The Convention on Cultural Property Implementation Act (CCPIA) mandates that protected objects be "first discovered in" the State Party. From the point-of-view of the dealer lobby, coins should not be protected since they circulated. They demand that it be proved beyond a doubt that each individual coin coming into the United States was found in a particular State Party, a task made nearly impossible when a coin is dug up, smuggled, cleaned, and sold by a dealer. The act of looting and smuggling destroys this information.
The dealer lobby asserts that coins are a special case since they "circulated widely" and are "common." But are they such an exception? Some coins circulated very widely and some circulated on a more local or regional level. Apart from static monuments, many ancient objects, in addition to coins, moved around to greater and lesser degrees. Ceramics are a prime example; they could circulate widely and they are "common." Even local wares are sometimes found far afield, although the majority are found locally. These, like circulating coins, are a testament to trade, economic conditions, and the movement of peoples and populations. The Etruscans were avid consumers of Greek painted pottery. The MOU with Italy protects Attic and Corinthian painted ceramics since these are frequently found in Etruscan tombs, even though they were made in Greece and can be found in other countries as well.
With Egyptian coins, the dealer lobby is reasserting the notion that coins "circulated widely" and should not be protected because they could be found anywhere. Yes, there are examples of Egyptian coins found outside of Egypt, but Egyptian coins are found primarily in Egypt. In contesting the potential protection of Egyptian coins, the desperation of their argument is apparent as they refuse to acknowledge long-standing scholarship on ancient Egyptian coins and Egypt's closed currency system, which caused Egypt to retain much of its currency in antiquity.
One commentator points to the Portable Antiquities Scheme database as evidence that Egyptian coins can be found as far away as England. Interestingly, what he does not acknowledge is that the majority of these are late Roman bronze coins from the mint of Alexandria; late Roman bronze coins have not been included in any MOUs thus far as they circulated widely and certainly they were not the subject of any comments sent to the Cultural Property Advisory Committee by advocates for the protection of coins. Again, that commentator refuses to acknowledge the closed currency system in Egypt and the fact that the majority of Egyptian coins will have been found in Egypt, just as a great many Attic and Corinthian ceramics will be found in Italy.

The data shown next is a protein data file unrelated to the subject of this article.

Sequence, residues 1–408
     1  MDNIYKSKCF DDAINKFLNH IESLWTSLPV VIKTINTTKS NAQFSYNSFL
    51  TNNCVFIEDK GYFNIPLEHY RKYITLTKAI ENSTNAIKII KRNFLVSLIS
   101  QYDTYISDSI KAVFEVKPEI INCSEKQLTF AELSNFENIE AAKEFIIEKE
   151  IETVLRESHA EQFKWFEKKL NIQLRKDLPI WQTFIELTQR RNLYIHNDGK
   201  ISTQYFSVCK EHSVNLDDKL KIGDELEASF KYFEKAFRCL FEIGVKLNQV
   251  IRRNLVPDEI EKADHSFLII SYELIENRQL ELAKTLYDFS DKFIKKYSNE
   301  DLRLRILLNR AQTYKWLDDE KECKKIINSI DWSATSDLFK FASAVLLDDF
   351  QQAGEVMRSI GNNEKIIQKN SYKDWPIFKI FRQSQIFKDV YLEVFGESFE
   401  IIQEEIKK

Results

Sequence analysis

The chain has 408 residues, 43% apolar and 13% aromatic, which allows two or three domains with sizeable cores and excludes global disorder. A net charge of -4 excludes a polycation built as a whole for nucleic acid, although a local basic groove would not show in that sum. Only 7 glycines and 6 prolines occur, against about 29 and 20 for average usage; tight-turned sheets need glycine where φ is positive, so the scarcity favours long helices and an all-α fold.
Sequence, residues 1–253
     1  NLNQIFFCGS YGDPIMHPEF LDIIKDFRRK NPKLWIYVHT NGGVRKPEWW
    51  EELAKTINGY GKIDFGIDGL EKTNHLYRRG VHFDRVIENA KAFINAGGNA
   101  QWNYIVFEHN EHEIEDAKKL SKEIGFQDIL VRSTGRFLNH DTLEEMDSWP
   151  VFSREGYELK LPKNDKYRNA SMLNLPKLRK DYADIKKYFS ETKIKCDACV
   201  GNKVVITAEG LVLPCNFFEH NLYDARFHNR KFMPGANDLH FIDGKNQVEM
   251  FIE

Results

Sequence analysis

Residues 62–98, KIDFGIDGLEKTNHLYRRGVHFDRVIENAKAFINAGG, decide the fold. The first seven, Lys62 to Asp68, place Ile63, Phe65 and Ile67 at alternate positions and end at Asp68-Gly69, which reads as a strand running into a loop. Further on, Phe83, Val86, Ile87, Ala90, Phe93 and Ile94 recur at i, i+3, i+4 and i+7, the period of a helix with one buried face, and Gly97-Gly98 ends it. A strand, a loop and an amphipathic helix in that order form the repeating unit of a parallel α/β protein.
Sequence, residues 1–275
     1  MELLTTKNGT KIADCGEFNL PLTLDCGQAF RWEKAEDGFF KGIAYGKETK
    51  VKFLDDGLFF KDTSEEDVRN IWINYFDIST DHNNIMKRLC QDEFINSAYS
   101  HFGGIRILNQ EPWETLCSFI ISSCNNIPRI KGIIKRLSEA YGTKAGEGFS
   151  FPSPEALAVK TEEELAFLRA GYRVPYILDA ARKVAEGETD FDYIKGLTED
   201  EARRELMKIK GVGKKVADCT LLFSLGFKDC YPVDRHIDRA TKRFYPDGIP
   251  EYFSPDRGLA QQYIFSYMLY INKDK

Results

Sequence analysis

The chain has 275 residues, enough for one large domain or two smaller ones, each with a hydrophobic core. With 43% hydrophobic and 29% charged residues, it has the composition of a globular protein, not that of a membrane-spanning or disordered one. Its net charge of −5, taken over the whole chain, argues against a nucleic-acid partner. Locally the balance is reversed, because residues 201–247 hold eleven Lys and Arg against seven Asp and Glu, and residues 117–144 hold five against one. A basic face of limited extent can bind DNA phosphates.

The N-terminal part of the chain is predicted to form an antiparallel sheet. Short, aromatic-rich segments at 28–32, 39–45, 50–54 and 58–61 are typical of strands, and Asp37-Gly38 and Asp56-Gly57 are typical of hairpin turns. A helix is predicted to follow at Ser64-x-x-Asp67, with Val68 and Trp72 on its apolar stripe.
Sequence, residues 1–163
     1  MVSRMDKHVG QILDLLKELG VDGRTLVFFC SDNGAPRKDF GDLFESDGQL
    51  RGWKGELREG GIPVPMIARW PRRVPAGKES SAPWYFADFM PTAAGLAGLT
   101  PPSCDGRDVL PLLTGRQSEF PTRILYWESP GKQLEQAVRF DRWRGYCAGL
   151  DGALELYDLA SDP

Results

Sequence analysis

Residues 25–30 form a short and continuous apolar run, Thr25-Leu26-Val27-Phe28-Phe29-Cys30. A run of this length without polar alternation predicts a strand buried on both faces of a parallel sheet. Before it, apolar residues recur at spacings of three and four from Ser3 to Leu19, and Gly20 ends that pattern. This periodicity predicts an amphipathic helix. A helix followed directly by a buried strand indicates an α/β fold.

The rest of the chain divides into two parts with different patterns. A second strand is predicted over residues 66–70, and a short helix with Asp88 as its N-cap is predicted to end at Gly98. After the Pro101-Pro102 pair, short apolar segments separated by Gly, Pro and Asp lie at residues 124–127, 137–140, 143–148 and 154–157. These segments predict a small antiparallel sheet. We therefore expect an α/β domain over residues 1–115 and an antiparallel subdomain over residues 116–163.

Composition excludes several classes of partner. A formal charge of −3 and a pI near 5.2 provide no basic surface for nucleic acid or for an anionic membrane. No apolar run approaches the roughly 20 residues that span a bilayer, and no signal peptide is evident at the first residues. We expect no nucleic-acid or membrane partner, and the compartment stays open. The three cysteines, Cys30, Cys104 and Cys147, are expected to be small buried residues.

Finally, the protection of coins is extralegal only in the dealer lobby's opinion. Thus far, the lobby has been unsuccessful in undermining import restrictions in the courts. In fact, import restrictions on coins have been upheld by the courts as legal. In fact, the federal district court wrote:
“[I]nterpreting the ‘first discovered in’ requirement to preclude the State Department from barring the importation of archaeological objects with unknown find spots would undermine the core purpose of the CPIA, namely to deter looting of cultural property. See 19 U.S.C. § 2602(a)(1)(A)” (p. 35)."The court further notes that the “ACCG’s argument, if taken to its logical conclusion, could bring into question the import restrictions on every, or almost every, item on the designated lists" (p. 36).
Indeed, it would. And business as usual in the antiquities trade seems to be the intent behind the strategy.
Update, 517/2014: One lobbyist now insists that scholarly evidence cannot be produced that Egyptian coins are found in Egypt. I do look forward to a book from the lawyer/lobbyist that subverts decades of archaeological and numismatic understanding Egypt's closed currency system.
And apparently lobbyists/lawyers can declare what is legal and what is not - forget the courts. But I do not remember it working that way in civics class in grade school...